[eBook] Take the Risk and Uncertainty out of Government Construction
It’s no surprise that the practice of designing, building, and operating public sector buildings and infrastructure must change. As our built environments become increasingly complex, it’s vital that project team productivity and asset performance levels are addressed. According to KPMG, just a quarter of construction projects in the last three years came within 10% of their original deadlines.
But technology is changing that. Particularly in how we design, construct and operate buildings and infrastructure.
Taking the risk out of construction and uncertainty out of work pipelines, improving project delivery and creating project efficiencies, meeting government budgets, and improving quality across projects can all be accomplished thanks to technology. Consider for example, Building Information Modeling (BIM). The benefits of BIM are now too compelling to ignore: In 2013/14, was a significant contributor to over £800 million savings in construction costs in the U.K. alone.
Welcome to the Era of Connection
We’re entering an era when agencies and the contractors that support them will have democratic access to a new set of connected capabilities.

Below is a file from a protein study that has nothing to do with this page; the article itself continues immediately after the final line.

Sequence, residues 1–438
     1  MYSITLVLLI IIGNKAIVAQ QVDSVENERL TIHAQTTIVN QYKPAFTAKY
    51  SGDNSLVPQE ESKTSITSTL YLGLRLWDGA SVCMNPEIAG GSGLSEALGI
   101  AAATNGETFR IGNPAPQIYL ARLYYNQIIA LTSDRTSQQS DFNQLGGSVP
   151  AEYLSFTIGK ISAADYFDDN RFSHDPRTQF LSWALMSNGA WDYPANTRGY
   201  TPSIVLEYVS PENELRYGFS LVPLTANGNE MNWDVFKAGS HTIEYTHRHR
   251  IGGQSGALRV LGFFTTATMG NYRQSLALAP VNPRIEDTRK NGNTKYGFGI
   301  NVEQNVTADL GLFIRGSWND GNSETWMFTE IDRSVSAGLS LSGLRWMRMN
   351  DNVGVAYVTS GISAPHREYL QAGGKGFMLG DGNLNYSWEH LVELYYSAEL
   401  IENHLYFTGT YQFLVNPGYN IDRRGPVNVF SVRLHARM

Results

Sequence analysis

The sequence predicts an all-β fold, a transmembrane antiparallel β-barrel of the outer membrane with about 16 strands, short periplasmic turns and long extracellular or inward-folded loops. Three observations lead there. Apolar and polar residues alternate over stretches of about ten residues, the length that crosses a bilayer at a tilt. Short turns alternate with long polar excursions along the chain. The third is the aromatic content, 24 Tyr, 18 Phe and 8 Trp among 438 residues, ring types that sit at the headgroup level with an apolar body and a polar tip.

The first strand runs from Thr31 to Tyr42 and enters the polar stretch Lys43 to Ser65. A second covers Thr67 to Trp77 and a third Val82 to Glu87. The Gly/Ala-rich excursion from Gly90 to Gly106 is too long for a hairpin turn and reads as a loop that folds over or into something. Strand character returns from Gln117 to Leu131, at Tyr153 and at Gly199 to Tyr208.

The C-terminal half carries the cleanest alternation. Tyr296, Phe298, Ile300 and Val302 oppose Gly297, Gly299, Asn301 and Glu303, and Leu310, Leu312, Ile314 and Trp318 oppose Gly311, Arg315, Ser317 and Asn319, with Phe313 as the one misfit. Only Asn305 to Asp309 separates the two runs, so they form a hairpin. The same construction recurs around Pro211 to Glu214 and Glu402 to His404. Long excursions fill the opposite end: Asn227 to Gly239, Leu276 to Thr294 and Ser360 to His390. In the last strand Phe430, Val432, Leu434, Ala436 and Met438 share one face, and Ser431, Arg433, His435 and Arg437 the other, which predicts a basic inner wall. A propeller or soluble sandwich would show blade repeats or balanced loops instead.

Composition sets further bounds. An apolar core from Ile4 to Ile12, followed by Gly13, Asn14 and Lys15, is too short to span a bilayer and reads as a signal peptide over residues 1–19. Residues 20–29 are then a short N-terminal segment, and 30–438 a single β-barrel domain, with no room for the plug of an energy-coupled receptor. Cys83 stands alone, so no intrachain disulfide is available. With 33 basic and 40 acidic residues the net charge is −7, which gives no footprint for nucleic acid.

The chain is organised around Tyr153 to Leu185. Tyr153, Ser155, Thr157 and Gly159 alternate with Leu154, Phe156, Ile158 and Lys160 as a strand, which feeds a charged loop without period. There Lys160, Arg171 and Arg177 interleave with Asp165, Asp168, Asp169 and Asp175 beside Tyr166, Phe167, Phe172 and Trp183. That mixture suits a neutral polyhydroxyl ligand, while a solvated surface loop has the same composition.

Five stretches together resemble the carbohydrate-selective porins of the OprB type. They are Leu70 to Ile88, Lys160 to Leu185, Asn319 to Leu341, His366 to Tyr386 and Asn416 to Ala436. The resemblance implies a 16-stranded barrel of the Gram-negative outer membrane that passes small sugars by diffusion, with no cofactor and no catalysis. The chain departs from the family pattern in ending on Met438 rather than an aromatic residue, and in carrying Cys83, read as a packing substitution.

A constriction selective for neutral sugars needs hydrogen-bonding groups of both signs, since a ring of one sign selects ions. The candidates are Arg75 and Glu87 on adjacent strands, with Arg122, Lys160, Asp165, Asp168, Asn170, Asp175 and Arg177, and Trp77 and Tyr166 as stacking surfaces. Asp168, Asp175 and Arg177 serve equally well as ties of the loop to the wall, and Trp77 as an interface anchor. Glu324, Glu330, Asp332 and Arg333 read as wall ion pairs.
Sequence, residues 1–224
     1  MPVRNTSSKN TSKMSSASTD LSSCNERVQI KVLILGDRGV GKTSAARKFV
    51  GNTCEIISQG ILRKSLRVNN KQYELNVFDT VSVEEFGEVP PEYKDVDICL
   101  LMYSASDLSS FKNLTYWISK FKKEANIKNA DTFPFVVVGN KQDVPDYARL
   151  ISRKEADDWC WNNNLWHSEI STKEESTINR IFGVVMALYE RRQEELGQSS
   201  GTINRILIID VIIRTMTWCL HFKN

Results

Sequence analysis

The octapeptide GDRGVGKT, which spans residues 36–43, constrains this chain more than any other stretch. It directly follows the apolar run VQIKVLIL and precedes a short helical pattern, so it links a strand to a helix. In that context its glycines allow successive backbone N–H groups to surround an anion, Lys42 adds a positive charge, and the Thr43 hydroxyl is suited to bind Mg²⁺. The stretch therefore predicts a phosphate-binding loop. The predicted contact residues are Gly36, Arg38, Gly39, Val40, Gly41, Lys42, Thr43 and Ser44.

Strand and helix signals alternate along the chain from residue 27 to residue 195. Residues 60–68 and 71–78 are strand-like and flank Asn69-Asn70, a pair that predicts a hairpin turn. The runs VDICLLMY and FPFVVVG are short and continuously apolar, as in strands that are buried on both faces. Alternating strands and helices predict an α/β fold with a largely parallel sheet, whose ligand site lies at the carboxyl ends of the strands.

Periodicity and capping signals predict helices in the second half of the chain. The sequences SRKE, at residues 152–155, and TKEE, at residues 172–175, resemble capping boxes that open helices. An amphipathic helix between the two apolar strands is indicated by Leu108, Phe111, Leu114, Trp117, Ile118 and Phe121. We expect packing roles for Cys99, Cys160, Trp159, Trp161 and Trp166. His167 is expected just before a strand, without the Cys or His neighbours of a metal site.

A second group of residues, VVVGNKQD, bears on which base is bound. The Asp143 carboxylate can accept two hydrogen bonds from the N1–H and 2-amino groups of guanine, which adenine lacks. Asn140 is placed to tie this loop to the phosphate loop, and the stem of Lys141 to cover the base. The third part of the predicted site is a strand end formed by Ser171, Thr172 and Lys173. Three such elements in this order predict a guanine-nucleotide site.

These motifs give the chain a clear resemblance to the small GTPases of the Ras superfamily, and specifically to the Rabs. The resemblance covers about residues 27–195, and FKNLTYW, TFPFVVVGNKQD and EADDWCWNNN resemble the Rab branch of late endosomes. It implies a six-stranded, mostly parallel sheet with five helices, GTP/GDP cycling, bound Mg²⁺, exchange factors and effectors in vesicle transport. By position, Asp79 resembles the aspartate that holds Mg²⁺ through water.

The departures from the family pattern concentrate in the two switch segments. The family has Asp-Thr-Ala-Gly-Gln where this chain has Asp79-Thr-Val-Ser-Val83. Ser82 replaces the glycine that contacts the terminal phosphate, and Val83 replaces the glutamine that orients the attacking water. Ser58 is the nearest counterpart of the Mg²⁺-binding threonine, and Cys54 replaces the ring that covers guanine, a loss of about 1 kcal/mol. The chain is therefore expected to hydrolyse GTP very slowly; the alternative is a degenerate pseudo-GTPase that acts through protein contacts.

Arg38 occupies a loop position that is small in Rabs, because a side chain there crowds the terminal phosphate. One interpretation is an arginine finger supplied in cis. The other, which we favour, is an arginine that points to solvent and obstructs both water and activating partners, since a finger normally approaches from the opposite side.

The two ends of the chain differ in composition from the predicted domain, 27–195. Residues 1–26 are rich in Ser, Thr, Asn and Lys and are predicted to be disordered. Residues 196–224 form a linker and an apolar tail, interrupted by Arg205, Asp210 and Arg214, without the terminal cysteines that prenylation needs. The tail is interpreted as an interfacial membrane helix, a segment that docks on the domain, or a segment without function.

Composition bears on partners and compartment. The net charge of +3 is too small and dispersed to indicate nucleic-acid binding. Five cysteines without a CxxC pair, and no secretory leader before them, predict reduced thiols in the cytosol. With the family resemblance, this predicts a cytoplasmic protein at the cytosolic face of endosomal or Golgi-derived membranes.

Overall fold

Tools like Autodesk BIM 360 are making it easier than ever to connect teams across geographic boundaries and give access to project data throughout the building construction lifecycle to optimize and manage all aspects of construction performance. Need to solve complex design problems, connected insights using the infinite computing power of the cloud and big data can help to drive design decisions. Connected outcomes are being fueled by the capability to “start with the end in mind”, i.e. connecting digital and physical worlds together through reality capture, gaming engines, and augmented /virtual reality, so teams can explore and refine options in the context of the real-world systems in which they are planned to reside.
Then there are connected assets. As cities become digitally “lit up” through the IoT, that experience will be personalized between assets too; for example, transport systems communicating the impact of delays in real-time on passenger journeys, and advising alternative routes.
That’s just the tip of the iceberg. Download out this ebook, and learn more about the opportunities to increase efficiencies, decrease risk, and improve quality through the power of connection.
From work pipelines driven by sensors to estimates designed by algorithms; from printed buildings to big data-driven scheduling; from new forms of project funding to a new era of digitally driven localism for our built environment, the implications for the AEC industry are profound.
Three technology disruptions in how government designs, builds and operates building and infrastructure are giving rise to a new era, one in which agencies and their contractors will have democratic access to a new set of connected capabilities